Erica | Toronto, ON
“For a few years, I could feel that something wasn’t right with my body. My heart often raced and I had migraines, dizziness, and blurred vision. But I was in the throes of pregnancy and post-partum, and doctors told me not to worry.
Still, my inner voice told me that something was wrong. In July 2020, my husband and I went to a resort in Muskoka with our three girls to celebrate getting through the first wave of COVID. We had an awesome weekend – fishing, Sea-Dooing, and letting the girls stay up past their bedtimes. A few days later, though, I suddenly started to feel awful. I was exhausted and had this terrible head and neck pain that wouldn’t let up. Finally, one day I waited until my kids were in bed, nursed my newborn, and then went to the ER. I walked in expecting for them to find something – and unfortunately, I was right. They quickly discovered that I had a paraganglioma, a rare type of neuroendocrine tumour, at the base of my skull.
“Now, I’m passionate about informing other paraganglioma patients and doctors that this surgery is possible and that the outcomes can be amazing.”
Because this condition is so rare, there’s a lot of misinformation out there. I was shuffled around between different surgeons and specialists, and told that my tumour was inoperable. Fortunately, I finally found a great doctor in the U.S. who specializes in this area and who was confident that he could get the tumour out safely.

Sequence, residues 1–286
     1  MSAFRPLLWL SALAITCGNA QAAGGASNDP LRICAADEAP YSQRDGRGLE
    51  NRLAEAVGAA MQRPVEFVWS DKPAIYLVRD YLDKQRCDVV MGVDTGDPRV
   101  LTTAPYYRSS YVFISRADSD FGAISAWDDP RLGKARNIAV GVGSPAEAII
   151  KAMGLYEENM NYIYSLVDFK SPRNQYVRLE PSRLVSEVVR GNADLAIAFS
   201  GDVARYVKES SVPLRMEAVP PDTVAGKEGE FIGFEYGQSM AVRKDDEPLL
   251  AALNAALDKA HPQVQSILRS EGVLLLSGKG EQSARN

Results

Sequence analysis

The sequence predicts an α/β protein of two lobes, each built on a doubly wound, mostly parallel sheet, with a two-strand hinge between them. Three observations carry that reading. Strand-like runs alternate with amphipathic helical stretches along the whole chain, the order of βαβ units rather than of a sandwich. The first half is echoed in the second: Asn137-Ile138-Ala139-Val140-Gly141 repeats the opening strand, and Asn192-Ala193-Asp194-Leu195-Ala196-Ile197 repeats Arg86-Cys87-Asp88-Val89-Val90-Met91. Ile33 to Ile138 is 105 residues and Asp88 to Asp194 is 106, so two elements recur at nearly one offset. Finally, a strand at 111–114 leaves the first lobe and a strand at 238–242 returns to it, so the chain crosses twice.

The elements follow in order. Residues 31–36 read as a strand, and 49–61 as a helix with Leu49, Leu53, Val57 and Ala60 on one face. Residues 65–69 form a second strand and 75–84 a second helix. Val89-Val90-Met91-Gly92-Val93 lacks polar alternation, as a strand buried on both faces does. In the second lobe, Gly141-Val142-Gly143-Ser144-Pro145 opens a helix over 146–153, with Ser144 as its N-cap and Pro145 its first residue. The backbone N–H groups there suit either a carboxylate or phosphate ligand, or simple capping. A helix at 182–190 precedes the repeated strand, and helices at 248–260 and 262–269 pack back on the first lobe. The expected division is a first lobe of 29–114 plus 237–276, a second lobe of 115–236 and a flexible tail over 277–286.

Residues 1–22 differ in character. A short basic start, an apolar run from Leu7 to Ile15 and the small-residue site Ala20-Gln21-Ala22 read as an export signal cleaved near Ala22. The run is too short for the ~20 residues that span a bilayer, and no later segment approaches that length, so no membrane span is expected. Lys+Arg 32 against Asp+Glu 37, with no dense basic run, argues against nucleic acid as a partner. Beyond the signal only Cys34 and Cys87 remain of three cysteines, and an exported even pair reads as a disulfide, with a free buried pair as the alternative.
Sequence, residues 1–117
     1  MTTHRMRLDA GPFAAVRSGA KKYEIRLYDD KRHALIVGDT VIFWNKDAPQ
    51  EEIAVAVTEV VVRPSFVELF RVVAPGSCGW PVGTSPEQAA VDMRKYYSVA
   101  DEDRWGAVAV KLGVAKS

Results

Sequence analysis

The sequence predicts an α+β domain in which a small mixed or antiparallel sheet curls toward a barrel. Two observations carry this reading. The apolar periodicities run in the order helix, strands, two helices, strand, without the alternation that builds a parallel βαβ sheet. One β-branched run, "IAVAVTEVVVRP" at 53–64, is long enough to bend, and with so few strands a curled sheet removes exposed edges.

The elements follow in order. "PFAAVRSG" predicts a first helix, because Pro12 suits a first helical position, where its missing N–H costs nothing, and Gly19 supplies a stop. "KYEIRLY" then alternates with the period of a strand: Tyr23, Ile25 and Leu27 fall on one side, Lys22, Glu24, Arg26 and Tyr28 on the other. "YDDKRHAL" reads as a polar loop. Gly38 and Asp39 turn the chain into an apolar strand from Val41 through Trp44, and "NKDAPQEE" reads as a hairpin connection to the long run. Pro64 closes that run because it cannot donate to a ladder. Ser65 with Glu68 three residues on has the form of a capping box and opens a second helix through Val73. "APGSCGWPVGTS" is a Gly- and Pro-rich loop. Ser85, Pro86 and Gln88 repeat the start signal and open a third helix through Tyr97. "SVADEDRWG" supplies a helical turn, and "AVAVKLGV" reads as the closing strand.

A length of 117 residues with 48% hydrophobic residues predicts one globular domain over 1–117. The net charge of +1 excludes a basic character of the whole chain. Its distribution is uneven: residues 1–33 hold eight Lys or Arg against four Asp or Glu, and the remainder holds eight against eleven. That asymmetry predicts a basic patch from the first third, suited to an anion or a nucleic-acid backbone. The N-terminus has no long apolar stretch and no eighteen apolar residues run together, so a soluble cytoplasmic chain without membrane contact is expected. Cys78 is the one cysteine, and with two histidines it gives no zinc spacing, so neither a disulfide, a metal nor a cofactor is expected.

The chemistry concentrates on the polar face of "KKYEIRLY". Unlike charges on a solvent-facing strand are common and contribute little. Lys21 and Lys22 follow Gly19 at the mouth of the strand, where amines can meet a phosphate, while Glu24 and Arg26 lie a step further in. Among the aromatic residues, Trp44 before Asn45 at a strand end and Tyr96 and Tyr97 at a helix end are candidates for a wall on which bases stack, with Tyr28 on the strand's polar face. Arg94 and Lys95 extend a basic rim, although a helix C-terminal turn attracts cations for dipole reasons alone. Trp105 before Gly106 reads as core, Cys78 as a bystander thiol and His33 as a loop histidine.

My friends and family banded together to create Team Erica. We beaded hundreds of black and white bracelets – symbolizing a zebra, because zebras are rare and are used in the medical community to reference rare diseases – and sent out the bracelets to my community.
I felt so supported by Team Erica. I could really feel their prayers, positive thoughts, love, and light – their collective energy. Leading up to my surgery, I wasn’t scared. Everyone in my community wore their zebra bracelets and rallied around my family while I was away. It was incredible.
My surgery was risky and required two full days in the OR, but it went beautifully. Now, I’m passionate about informing other paraganglioma patients and doctors that this surgery is possible and that the outcomes can be amazing. I feel this great pull to spread awareness and education."